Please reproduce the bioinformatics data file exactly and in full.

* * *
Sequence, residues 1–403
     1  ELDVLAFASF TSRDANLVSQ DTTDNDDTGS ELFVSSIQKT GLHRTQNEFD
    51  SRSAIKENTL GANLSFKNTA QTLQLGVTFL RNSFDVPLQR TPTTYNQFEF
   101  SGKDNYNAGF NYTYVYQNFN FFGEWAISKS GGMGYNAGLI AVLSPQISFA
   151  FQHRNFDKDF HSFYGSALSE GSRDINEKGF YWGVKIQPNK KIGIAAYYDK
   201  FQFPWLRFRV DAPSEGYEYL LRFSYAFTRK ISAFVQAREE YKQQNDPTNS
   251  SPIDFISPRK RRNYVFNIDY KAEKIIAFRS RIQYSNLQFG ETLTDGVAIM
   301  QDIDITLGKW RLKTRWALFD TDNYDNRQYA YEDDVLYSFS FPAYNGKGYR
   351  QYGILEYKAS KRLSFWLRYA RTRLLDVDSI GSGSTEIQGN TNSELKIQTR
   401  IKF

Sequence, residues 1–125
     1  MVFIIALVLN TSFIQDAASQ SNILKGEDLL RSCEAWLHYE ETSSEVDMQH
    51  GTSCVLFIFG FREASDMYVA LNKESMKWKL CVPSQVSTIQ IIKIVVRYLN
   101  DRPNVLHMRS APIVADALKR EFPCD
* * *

Sequence, residues 1–403
     1  ELDVLAFASF TSRDANLVSQ DTTDNDDTGS ELFVSSIQKT GLHRTQNEFD
    51  SRSAIKENTL GANLSFKNTA QTLQLGVTFL RNSFDVPLQR TPTTYNQFEF
   101  SGKDNYNAGF NYTYVYQNFN FFGEWAISKS GGMGYNAGLI AVLSPQISFA
   151  FQHRNFDKDF HSFYGSALSE GSRDINEKGF YWGVKIQPNK KIGIAAYYDK
   201  FQFPWLRFRV DAPSEGYEYL LRFSYAFTRK ISAFVQAREE YKQQNDPTNS
   251  SPIDFISPRK RRNYVFNIDY KAEKIIAFRS RIQYSNLQFG ETLTDGVAIM
   301  QDIDITLGKW RLKTRWALFD TDNYDNRQYA YEDDVLYSFS FPAYNGKGYR
   351  QYGILEYKAS KRLSFWLRYA RTRLLDVDSI GSGSTEIQGN TNSELKIQTR
   401  IKF

Sequence, residues 1–125
     1  MVFIIALVLN TSFIQDAASQ SNILKGEDLL RSCEAWLHYE ETSSEVDMQH
    51  GTSCVLFIFG FREASDMYVA LNKESMKWKL CVPSQVSTIQ IIKIVVRYLN
   101  DRPNVLHMRS APIVADALKR EFPCD